The value in arrInfo[0] must be passed into eval() in order to get a true Boolean value out of it. (Remember, it's a string: either true or false.) If this value is false, the error image's title property is assigned the error message from arrInfo[1], the image is displayed, and the custom valid property of the text box is set to false (this will come in handy later). When a value is invalid, the error image appears, and when the user moves the mouse over it, the error message appears (see Figure 2). If the value is valid, however, the error image is hidden and the custom valid property is set to true.

Figure 2
Figure 2

You'll also notice that the Sign Up button is used in this function. The Sign Up button should be disabled if there is any invalid data in the form. To accomplish this, a function called isFormValid() is called. If this function returns false, the Sign Up button's disabled property is set to true, disabling it. The isFormValid() function simply iterates through the form fields and checks the valid property:

function isFormValid() {
    var frmMain = document.forms[0];
    var blnValid = true;

    for (var i=0; i < frmMain.elements.length; i++) {        
        if (typeof frmMain.elements[i].valid == "boolean") {
            blnValid = blnValid && frmMain.elements[i].valid;            
        }
    }
    
    return blnValid;
}

For each element in the form, the valid property is first checked to see if it exists. This is done by using the typeof operator, which will return boolean if the property exists and has been given a Boolean value. Because there are fields that aren't being validated (and thus won't have the custom valid property), this check ensures that only validated fields are considered.

The last part of the script is to set up the event handlers for the text boxes. This should be done when the form has finished loading, but only if XMLHttp is supported (because that is how the Ajax validation is being performed here):

//if Ajax is enabled, disable the submit button and assign event handlers
window.onload = function () {
    if (zXmlHttp.isSupported()) {
        var btnSignUp = document.getElementById("btnSignUp");        
        var txtUsername = document.getElementById("txtUsername");
        var txtBirthday = document.getElementById("txtBirthday");
        var txtEmail = document.getElementById("txtEmail");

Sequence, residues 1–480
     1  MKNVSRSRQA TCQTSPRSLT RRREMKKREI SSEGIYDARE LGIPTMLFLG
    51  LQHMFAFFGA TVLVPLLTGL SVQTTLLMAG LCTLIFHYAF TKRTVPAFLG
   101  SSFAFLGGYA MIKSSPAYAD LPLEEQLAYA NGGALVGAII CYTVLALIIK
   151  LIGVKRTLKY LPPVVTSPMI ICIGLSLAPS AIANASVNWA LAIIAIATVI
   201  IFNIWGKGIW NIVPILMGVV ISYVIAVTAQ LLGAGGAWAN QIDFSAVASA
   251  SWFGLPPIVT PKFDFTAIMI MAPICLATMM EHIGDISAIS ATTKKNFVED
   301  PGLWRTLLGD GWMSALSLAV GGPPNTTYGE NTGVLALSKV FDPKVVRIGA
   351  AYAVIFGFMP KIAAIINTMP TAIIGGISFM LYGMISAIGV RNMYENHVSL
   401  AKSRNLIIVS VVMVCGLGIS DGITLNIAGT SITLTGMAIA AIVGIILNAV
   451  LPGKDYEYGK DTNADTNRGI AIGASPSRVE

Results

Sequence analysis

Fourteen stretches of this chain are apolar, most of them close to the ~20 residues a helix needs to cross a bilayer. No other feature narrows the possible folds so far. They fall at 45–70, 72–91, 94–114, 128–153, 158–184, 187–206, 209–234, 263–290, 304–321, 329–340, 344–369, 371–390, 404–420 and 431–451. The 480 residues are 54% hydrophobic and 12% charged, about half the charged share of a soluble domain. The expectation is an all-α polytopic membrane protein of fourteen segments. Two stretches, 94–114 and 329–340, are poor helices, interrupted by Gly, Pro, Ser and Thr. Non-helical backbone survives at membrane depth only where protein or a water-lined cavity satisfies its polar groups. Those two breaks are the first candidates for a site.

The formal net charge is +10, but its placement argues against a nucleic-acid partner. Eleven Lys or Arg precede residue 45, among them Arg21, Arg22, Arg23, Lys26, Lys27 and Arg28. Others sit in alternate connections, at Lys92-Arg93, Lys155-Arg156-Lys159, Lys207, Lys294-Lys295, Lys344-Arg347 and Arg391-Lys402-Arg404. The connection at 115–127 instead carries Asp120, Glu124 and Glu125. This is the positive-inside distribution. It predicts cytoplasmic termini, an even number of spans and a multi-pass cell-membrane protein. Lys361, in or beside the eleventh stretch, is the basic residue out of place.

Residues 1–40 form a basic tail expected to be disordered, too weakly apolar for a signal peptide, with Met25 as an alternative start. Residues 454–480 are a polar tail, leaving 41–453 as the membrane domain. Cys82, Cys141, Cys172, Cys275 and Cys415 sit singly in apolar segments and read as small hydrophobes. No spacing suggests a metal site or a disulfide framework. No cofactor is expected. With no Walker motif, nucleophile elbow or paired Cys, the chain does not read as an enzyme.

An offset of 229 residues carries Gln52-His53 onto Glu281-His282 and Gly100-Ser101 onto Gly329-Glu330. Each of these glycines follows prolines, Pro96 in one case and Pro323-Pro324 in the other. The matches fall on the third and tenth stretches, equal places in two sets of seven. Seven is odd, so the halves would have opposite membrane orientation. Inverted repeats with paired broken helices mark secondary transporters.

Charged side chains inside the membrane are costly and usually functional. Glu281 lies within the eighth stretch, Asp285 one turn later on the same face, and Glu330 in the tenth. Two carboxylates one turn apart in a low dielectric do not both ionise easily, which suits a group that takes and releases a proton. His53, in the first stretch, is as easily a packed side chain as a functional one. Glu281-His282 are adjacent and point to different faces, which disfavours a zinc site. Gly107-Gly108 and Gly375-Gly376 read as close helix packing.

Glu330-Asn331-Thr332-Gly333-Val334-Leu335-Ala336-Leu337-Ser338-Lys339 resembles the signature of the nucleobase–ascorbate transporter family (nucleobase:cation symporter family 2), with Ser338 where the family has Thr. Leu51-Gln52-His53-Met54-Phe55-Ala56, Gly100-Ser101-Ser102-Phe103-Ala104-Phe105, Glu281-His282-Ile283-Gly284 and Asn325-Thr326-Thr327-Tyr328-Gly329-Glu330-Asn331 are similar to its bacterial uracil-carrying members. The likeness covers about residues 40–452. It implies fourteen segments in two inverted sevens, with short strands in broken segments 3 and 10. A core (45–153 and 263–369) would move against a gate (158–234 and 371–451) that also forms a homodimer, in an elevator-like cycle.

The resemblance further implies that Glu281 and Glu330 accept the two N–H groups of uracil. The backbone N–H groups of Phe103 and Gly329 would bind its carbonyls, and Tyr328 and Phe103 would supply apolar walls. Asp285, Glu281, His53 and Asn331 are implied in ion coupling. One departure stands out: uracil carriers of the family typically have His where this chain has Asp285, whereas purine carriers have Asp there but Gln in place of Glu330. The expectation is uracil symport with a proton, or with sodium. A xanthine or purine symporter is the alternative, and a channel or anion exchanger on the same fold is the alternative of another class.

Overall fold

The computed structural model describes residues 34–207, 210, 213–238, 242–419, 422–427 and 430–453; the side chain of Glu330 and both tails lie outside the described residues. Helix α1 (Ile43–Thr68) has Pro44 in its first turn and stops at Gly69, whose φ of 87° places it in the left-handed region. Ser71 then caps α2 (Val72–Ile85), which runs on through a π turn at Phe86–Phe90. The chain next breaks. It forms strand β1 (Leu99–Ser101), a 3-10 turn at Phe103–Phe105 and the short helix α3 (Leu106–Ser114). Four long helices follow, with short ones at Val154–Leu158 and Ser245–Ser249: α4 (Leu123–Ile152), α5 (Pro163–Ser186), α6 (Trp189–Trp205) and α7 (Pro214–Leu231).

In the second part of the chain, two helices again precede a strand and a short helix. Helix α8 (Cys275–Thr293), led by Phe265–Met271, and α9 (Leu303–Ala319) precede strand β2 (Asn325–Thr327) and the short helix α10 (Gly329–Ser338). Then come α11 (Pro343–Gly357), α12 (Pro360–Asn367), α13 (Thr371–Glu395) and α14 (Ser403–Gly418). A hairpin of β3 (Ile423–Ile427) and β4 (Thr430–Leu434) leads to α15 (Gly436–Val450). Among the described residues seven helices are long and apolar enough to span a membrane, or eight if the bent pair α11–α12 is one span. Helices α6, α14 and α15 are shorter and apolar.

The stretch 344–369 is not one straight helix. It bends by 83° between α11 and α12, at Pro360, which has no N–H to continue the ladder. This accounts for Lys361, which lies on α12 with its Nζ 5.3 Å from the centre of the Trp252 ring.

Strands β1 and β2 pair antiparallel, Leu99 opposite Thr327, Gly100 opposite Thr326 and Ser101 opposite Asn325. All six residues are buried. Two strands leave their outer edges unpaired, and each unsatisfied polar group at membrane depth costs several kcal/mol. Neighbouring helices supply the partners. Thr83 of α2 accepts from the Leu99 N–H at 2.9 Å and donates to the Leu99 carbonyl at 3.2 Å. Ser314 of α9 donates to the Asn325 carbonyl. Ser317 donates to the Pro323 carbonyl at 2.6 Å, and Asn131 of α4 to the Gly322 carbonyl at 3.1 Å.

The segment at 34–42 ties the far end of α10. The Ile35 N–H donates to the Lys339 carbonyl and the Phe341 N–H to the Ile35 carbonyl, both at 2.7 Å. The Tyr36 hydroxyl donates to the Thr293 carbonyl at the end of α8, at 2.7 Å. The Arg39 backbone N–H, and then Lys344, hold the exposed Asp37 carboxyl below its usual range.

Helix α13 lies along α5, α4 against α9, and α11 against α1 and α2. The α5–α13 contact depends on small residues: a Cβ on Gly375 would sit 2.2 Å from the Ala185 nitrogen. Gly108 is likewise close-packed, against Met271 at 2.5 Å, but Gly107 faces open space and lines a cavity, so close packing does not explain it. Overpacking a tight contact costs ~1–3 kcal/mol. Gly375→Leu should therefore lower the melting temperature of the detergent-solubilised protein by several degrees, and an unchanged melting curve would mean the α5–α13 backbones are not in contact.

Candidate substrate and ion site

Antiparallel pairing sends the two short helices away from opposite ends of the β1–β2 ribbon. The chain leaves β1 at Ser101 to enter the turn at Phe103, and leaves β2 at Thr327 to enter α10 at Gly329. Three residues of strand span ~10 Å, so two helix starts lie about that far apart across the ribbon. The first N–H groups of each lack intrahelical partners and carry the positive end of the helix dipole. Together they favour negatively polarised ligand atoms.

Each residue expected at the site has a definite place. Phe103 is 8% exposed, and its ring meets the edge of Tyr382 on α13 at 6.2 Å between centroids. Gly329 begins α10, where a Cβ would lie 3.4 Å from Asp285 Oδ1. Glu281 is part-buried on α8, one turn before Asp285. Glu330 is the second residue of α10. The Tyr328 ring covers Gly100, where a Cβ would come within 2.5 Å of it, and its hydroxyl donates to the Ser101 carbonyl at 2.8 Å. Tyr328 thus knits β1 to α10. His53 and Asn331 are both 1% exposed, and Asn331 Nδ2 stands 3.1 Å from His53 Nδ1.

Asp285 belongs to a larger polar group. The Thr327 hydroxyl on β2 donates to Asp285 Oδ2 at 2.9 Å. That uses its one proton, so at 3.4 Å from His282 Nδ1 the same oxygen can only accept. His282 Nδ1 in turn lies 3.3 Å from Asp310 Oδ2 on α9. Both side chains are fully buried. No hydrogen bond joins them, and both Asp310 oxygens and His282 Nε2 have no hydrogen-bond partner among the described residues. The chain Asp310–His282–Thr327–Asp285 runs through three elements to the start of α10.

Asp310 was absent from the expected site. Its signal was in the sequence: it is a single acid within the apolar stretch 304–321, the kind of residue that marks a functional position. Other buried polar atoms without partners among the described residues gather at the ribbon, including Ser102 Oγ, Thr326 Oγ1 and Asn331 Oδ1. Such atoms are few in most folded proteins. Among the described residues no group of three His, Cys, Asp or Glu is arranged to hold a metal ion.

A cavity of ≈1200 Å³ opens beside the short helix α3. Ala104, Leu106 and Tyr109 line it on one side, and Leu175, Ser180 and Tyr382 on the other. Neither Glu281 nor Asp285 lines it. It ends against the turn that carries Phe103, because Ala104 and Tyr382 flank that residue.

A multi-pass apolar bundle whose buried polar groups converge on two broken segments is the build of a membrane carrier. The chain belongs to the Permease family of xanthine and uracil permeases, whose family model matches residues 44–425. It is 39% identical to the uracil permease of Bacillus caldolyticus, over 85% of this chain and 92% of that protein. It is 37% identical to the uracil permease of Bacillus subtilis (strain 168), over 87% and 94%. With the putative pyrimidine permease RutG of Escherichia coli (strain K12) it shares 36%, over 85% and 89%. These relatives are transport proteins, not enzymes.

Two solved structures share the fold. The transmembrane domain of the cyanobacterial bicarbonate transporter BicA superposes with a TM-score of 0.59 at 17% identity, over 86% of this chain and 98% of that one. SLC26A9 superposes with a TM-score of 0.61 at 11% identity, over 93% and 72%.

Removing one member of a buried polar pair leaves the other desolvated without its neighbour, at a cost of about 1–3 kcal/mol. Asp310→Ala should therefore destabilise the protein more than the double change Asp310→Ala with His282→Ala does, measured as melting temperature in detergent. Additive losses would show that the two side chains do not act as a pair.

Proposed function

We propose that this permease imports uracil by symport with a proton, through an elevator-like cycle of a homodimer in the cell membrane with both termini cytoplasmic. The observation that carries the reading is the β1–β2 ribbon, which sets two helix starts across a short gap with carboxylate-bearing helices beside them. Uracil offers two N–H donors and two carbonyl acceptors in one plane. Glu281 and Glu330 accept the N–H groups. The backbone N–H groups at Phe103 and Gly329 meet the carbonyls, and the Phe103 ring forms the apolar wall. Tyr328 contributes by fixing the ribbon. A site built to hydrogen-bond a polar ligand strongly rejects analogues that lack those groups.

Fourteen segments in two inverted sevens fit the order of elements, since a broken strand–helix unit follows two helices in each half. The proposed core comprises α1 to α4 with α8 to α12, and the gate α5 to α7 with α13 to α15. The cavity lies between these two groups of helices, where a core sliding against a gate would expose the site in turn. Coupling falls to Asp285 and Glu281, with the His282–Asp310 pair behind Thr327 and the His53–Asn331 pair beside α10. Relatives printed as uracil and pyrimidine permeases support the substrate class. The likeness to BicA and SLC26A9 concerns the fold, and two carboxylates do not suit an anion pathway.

btnSignUp.disabled = true;
        txtUsername.onchange = validateField;
        txtBirthday.onchange = validateField;
        txtEmail.onchange = validateField;
        txtUsername.valid = false;
        txtBirthday.valid = false;
        txtEmail.valid = false;
        
    }
};

This onload event handler assigns the onchange event handlers for each text box as well as initializes the custom valid property to false. Additionally, the Sign Up button is disabled from the start to prevent invalid data from being submitted. Note, however, that the button will be disabled only if XMLHttp is supported (determined using zXmlHttp.IsSupported()); otherwise, the form will behave as a normal web form and the validation will have to be done when the entire form is submitted.

When you load this example, each of the three validated text fields will make a request to the server for validation whenever their values change and you move on to another field. The user experience is seamless using the Submission Throttling pattern, but the form remains functional even if JavaScript is turned off or XMLHttp is not supported.

Even when using this type of validation, it is essential that all the data be validated again once the entire form is submitted. Remember, if the user turns off JavaScript, you still need to be sure the data is valid before performing operations using it.

This article is adapted from Professional Ajax by Nicholas C. Zakas, Jeremy McPeak, and Joe Fawcett (Wrox, 2006, ISBN: 0-471-77778-1), from chapter 3 "Ajax Patterns." Nicholas is also the author of Professional JavaScript for Web Developers and has worked in web development for more than five years. He has helped develop web solutions in use at some of the largest companies in the world. His previous articles on wrox.com include Ajax and the Yahoo! Connection Manager and XMLHttp Requests for Ajax which is an excerpt from chapter 2 "Ajax Basics" of Professional Ajax.